In the winter of 2016, the Worcester Public Schools began a search for a new Superintendent of Schools. In response, WEC and the Worcester Regional Research Bureau (WRRB) hosted a forum and produced a paper, The Urgency of Excellence calling for a review of the status of the district and the development of a multi-year strategic plan.
In the late spring of 2017 the work to develop a strategic plan began in earnest as a partnership among WEC, the Worcester Regional Research Bureau, and the Worcester Public Schools. The effort is fully privately funded and the Rennie Center, Massachusetts’ premiere education research and policy group, has been engaged to assist with the project.
As a Gateway City, Worcester faces unique challenges but also enjoys a wealth of assets. Massachusetts Gateway cities are described as “midsize urban centers that anchor regional economies around the state,” facing “stubborn social and economic challenges” while retaining “many assets with unrealized potential.” These communities, which all had a legacy of economic success, have struggled as the state's economy shifted toward skills-centered knowledge sectors.
Worcester’s assets include its diverse populations, strong public schools, a business and civic community engaged in education, and almost a dozen institutions of higher learning. Each of these institutions is committed to creative and meaningful engagement with our schools, students, and teachers.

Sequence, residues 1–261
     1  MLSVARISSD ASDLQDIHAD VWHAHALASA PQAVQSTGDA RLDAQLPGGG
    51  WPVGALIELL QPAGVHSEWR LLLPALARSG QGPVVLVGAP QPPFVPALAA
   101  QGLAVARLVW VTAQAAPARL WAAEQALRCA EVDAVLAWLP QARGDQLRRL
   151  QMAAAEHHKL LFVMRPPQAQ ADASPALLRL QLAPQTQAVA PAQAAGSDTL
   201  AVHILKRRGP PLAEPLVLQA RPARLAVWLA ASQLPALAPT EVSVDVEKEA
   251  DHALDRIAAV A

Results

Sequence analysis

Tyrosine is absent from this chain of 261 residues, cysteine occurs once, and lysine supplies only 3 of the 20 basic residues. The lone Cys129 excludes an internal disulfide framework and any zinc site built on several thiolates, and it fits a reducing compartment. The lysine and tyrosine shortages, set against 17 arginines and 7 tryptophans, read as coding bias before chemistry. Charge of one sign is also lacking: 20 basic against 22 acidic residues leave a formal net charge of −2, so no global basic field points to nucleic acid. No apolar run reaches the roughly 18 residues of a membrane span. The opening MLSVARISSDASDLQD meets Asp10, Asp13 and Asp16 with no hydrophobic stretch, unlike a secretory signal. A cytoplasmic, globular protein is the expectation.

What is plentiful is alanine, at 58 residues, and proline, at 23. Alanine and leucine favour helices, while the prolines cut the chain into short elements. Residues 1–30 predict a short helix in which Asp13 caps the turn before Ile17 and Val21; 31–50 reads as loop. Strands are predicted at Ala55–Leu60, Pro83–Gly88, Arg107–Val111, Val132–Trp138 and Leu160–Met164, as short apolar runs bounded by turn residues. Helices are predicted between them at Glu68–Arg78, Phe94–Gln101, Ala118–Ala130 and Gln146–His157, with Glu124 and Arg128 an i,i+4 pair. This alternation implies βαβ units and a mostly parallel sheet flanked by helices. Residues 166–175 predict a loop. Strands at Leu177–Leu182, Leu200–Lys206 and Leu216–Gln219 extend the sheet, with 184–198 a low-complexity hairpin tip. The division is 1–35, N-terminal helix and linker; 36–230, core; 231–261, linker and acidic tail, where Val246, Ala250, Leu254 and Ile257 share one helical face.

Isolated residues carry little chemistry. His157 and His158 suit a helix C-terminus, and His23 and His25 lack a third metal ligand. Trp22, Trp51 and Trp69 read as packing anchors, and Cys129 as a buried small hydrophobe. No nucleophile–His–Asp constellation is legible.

The last public school strategic plan for Worcester public schools was completed in 1992, before the advent of education reform. Today, the city is at a critical juncture and poised to embrace a new vision and understanding of elementary and secondary education.
In remarks given to note the completion of her first 100 days as Superintendent of Schools, Maureen Binienda stated four goals for the district:
- to provide a supportive, safe and orderly learning environment;
- offer excellent instruction for all students informed by new approaches, structures, and alignments
- engage with families, colleges, businesses, and other members of the community;
- and improve professional collaboration.
The city and its diverse communities are ready for these tasks. A Community Compact for Education was drafted by a group of business and civic leaders and formally presented at the superintendent’s 100 Days event. The Compact acknowledges new realities facing the schools as Worcester continues to navigate its transformation from a manufacturing city to a center of higher learning and health care. It also embraces the dramatic influx of new residents that requires the district to adapt to the needs of a dynamic population.
WEC is confident that the process of community conversations, reviewing quantitative and qualitative data, and visiting demographically similar districts with high performance growth will lead to the development of a sound plan, and also spotlight the importance of education in our city.